William Street in the city of Melbourne has recently been updated with the much publicised protected bicycle lanes, where in the clearance mandated by Austroads is actually added between the on road lane and parked cars.
Replacing the existing wide traffic lane and a part time bicycle lane with parallel parking at other times, the new arrangement of a single lane of traffic and kerbside parallel parking with the cycle lane in-between appears to make better use of the space until you actually try and ride the route. The intersection treatment is inconsistent along the routes length with this example being the easy “default” of keeping the status quo where the old bicycle lane was also terminated. Confusing matters entirely is the line painted 700mm off the kerb, completely not a bicycle lane! See the end sign up above the pedestrian entering the road? While trying to concentrate on staying upright amongst the merging traffic and errant pedestrians it took several passes through here to even notice it. Why the line is needed to further narrow the lanes for all road users we’re unlikely to know.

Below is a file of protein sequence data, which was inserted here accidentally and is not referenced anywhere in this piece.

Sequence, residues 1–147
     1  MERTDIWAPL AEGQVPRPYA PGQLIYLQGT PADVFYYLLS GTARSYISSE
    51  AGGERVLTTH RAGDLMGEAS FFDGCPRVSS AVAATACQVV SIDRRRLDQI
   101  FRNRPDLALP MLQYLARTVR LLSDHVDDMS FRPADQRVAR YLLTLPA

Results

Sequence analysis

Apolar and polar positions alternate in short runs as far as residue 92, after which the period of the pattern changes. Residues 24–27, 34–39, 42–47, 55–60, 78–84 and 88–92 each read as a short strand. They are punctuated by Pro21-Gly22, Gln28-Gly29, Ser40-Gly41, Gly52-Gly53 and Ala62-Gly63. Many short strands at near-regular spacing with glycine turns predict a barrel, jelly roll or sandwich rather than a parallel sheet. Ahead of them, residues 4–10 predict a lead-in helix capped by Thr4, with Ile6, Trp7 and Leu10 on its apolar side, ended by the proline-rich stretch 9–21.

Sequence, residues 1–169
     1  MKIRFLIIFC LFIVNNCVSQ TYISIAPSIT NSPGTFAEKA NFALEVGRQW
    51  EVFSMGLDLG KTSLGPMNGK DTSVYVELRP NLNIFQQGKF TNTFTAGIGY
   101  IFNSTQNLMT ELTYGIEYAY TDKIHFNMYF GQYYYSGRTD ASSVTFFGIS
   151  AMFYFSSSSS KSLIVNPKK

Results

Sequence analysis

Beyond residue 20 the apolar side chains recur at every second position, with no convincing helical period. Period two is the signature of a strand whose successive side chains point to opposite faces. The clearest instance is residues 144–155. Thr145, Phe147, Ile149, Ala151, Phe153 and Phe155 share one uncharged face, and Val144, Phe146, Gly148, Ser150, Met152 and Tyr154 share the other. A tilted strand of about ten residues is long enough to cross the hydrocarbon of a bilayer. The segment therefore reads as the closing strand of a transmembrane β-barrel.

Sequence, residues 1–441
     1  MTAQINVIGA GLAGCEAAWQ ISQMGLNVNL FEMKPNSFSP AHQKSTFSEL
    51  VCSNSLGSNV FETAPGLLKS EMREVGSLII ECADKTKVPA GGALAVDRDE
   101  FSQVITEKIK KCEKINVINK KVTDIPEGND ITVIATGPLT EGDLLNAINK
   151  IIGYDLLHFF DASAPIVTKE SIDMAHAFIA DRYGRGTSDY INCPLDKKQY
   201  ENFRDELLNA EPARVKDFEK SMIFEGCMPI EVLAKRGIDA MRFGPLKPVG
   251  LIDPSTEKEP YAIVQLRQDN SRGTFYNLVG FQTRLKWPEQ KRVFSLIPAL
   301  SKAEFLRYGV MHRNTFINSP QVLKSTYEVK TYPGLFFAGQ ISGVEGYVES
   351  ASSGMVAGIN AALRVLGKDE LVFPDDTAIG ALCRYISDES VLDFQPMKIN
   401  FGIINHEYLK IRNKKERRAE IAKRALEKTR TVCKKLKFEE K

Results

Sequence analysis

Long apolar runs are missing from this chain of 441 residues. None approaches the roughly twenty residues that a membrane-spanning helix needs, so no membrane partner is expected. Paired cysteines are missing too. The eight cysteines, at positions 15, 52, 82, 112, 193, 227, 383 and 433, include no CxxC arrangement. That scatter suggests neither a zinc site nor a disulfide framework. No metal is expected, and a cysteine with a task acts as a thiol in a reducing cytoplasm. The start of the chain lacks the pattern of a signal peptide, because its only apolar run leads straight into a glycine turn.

So now instead of riding out in traffic around the parked cars while sharing the wide lane as before the upgrade, cyclists are corralled behind a broken line and forced to give way coming into the intersection. The downward priority of bicycles continues in the guise of “improved” cycling facilities.
Of note is these intersections contain Melbournes famous hook turns to accommodate the tram traffic running down the median, cars turning right first pull to the left and wait across the entering traffic before proceeding when the lights change to the opposite aspect. Boxes are marked where the cars should wait, but there is no indication for whether cyclists should pass in the traffic on the right of the waiting cars or pass with the pedestrians on the left avoiding the possibility of the waiting cars pulling out in front of them. A few examples of these should appear on the blog soon.